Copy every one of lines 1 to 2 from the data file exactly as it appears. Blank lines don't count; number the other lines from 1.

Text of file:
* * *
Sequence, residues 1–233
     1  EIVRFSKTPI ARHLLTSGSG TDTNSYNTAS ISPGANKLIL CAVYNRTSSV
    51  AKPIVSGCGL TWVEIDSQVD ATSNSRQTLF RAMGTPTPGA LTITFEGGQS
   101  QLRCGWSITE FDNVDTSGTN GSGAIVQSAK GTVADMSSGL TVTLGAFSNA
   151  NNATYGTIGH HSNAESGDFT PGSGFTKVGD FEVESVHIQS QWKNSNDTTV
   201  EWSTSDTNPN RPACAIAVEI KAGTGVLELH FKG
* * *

Sequence, residues 1–233
     1  EIVRFSKTPI ARHLLTSGSG TDTNSYNTAS ISPGANKLIL CAVYNRTSSV